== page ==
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Erin Murphy

Tim Ryan believes he can speak to a specific set of voters who, if recaptured, would be immensely helpful to Democrats in 2020: the Obama-Trump voters.

And there are plenty of those in Iowa.

Ryan, the Congressman from Ohio, recently made official his campaign for president. He visited Iowa this week, making a handful of stops in Des Moines and central Iowa.

After speaking to Democratic state lawmakers at the Iowa Capitol, Ryan told reporters he feels he can speak to the voters who Democrats lost in 2016.

Specifically, Ryan asserted he can win back people who voted for Democrat Barack Obama in 2008 and 2012 but swung to Republican Donald Trump in 2016.

There were 206 Obama-Trump counties. Iowa had the most of any state: 31, most of them in the state’s eastern third. That shift helped Iowa swing from a 6-point margin of victory for Obama in 2012 to a 10-point victory for Trump in 2016.

Ryan said his experience in Congress representing a blue-collar district that includes cities like Youngstown and Akron informs how he would appeal to Obama-Trump voters.

Trump lost Ohio’s 13th District, which Ryan represents, in 2016, although it does contain three Obama-Trump counties.

“Trump did well in my district. I did well in my district. I believe I can communicate to a lot of people who voted for Donald Trump that I have a plan that will actually get us home,” Ryan said. “I think communicating with people in Youngstown, Ohio, is not much different than Davenport or Dubuque or Des Moines or Sioux City. These are working class towns, working class people.

“They want to trust you and they want you to know you have a plan. And that’s the campaign.”

Ryan called it a “false choice” when asked whether Democrats, in their hopes of retaking the White House next year, should focus on and expand their base or try to regain the support of voters who defected to Trump in 2016.

“I think it would be helpful for us to say why did they vote for Trump. They voted for Obama twice. So I think it’s intellectually lazy to say everyone’s a racist,” Ryan said. “There are people who are hurting and hurting economically.”

Ryan said he will be able to connect with those voters and in doing so retake the Midwest states that Hillary Clinton lost in 2016, ultimately costing Democrats the election.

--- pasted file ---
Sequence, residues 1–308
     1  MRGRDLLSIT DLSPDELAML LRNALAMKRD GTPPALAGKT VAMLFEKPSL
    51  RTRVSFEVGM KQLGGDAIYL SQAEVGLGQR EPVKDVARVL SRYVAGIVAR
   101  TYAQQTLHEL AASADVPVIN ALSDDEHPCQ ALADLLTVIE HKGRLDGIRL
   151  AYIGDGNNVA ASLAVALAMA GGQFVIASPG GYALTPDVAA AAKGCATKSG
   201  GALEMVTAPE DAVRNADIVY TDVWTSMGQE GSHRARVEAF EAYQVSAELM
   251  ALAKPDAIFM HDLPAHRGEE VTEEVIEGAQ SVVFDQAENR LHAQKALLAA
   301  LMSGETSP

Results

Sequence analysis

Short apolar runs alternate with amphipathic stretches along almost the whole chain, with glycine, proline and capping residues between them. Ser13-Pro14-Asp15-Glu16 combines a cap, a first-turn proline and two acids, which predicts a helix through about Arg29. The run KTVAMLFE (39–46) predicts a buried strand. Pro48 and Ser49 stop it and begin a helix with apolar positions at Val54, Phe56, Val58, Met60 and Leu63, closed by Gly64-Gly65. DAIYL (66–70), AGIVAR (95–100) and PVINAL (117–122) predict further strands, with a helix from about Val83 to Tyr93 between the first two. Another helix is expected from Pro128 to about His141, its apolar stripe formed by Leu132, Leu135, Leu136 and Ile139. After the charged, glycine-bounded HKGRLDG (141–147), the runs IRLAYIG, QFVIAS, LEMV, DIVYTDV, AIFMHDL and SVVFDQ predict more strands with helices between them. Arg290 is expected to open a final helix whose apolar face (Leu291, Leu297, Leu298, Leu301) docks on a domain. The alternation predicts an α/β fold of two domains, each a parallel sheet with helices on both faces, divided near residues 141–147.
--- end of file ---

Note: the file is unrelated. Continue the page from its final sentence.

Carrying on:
“I will win Pennsylvania. I will win Ohio. I will win Michigan. I will win Wisconsin,” Ryan said. “I can win these states. They’re economically (and) culturally similar to the district I represent. And I can win them and then we can take back the White House.”

Ryan said the issues facing Obama-Trump voters, people in his Ohio district and rural Iowans are the same. He noted in particular the loss of manufacturing jobs, declining farm incomes, methamphetamine and opioid

addiction, and rural hospital issues.

“Those are American citizens who are doing everything right and can’t catch a break and they need to be voting for Democrats. And we need to give them a reason to vote for us. So I’m going to give them a reason. I’m going to go there. I’m going to campaign there. And I hope they will at least give me a good listen,” Ryan said.

“Trump pretty much ran as an independent and so they gave him a chance. Trump has not delivered for them, so now’s the time for Democrats to go back in there and have a broad coalition.”

Cautionary tale

Most of the early polling on the expansive field of Democratic presidential candidates — 18 strong and counting as of this weekend — has consistently, both in Iowa and nationally, shown Joe Biden and Bernie Sanders as the clear front-runners.

But just to offer a history lesson, and for fun, let’s consider what the polls on the expansive field of Republican presidential candidates looked like at this same point four years ago: Scott Walker was the lead candidate in Real Clear Politics’ polling average, followed by Jeb Bush and Mike Huckabee as the only candidates averaging in double digits.

None of those candidates finished in the top three 10 months later in the Iowa caucuses.

Trump, who finished second in Iowa and eventually secured the party’s nomination, didn’t start surging in the polls until July. Eventual Iowa caucus winner Ted Cruz started picking up polling steam even later.

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Erin Murphy covers Iowa politics and government for Lee Enterprises. His email address is erin.murphy@lee.net. Follow him on Twitter at @ErinDMurphy.

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